First, her book is not ordered chronologically. It is ordered by theme and by whim—any given moment in Céline’s life, from childhood to death, may pop up wherever the author decides to pop it up, e.g., Chapter 1 begins with Céline’s funeral in 1961, Chapter 2 kicks off with his life in London in 1915, shoots back to 1911, on to his spell in the Cameroons (1917), forward again to his first marriage (1919), and finally to Detroit (1927) and Paris (1928). As there is no index, the only way to discover any one thing is to check through the whole book.

But the whole book is so abominably written that it is torture to have to read it at all. The little seeds that have been mentioned—the seeds that sprouted in Miller, Sartre, Agee, Kerouac, Burroughs, and God knows how many other receptive novelists—have landed smack inside Dr. Ostrovsky and have grown into a sort of bedlam of orchids. Her syntax is so bizarre that, just as one can never follow Céline’s life chronologically, so one can often not know whether the doctor is starting a sentence, ending a sentence, or just burbling in the middle of a sentence. That the spirit of Paris should be evoked by (among other things) “the deep fragrance of ripening chestnuts; the trickle of urinals” is good at least for a hearty laugh, just as a maternal demise described as “Decomposed, the mother’s teats…” is singular enough to wake one up. But here, so that the reader may judge for himself, are two longer passages from this distracted work. The first is on the subject of Céline’s doctoral thesis, a biography of Ignace Semmelweiss, the great Hungarian accoucheur:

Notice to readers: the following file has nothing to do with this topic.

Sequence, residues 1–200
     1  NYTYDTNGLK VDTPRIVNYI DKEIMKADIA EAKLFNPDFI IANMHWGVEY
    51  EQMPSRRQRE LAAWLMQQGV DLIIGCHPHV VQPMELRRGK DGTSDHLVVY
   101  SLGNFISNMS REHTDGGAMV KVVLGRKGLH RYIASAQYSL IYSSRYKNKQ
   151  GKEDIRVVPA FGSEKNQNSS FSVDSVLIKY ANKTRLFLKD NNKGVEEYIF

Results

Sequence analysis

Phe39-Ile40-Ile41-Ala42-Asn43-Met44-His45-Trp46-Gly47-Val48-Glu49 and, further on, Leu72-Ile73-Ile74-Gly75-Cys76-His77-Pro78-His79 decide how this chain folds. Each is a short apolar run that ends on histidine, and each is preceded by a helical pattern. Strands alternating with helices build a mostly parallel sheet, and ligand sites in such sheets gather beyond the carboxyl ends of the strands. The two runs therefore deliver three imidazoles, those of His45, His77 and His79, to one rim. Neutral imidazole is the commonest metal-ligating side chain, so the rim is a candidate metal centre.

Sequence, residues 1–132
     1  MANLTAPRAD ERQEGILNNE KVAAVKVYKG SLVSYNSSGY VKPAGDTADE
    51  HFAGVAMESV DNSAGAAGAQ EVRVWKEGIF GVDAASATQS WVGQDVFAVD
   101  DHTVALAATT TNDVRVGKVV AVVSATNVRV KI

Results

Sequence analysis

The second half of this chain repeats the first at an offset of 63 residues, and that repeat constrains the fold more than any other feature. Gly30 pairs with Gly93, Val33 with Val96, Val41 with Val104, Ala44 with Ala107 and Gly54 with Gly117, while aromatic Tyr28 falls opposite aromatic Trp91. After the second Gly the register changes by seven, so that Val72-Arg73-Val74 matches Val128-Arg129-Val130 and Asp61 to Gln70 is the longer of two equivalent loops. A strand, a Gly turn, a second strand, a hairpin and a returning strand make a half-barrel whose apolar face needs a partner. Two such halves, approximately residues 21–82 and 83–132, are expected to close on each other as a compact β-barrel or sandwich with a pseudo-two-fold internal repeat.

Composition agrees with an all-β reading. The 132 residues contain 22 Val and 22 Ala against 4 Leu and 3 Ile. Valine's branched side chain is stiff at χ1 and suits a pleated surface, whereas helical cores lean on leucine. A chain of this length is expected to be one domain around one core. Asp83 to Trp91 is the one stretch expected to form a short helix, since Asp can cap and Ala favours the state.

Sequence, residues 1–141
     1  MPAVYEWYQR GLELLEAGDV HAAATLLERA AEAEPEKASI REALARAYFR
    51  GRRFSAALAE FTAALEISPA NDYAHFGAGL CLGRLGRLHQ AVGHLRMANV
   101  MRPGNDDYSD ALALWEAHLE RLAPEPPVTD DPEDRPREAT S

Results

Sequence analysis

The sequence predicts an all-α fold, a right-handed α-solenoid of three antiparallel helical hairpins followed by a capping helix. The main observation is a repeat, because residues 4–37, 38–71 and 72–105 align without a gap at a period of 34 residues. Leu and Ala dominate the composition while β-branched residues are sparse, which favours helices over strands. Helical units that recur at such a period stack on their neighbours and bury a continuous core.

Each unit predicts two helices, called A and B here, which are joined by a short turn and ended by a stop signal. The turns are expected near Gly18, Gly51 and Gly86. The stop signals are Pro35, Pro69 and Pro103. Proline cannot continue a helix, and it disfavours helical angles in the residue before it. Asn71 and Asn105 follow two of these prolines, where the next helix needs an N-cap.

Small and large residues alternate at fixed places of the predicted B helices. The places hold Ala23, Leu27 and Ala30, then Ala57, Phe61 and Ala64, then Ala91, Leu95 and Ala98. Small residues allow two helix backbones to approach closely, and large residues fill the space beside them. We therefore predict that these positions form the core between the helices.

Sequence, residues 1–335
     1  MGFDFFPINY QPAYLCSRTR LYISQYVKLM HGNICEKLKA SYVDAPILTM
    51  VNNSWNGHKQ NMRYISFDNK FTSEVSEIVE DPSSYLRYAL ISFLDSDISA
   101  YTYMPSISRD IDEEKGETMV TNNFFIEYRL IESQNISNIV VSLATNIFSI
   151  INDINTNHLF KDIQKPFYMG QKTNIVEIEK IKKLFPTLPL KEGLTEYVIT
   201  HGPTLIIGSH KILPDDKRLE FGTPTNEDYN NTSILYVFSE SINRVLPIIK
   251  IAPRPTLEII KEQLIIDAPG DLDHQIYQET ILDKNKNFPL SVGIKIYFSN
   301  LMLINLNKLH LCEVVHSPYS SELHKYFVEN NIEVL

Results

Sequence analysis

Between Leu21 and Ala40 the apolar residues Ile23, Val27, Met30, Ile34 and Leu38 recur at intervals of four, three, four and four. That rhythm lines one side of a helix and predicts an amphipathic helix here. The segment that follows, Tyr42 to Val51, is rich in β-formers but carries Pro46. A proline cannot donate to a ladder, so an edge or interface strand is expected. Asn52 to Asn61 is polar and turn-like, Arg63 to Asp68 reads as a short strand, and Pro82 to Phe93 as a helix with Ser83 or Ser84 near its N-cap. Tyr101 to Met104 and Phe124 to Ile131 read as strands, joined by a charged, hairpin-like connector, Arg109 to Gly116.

The story of a life (distant from his, yet so strongly similar) was taking life within him. Feeding upon his body. Flesh of his flesh. It clamored for birth. With threat of anomaly or destruction; promise of delivery and joy. Child of his pain. Slowly forming within male entrails. Fruit of parthenogenesis which swelled a womb made fecund by its own powers—mingling male and female in creation. Hidden hermaphroditic joining in the night. The ancient story of the making of the world.

The second passage describes the mixed elements that are found in all poets—and understood only by poets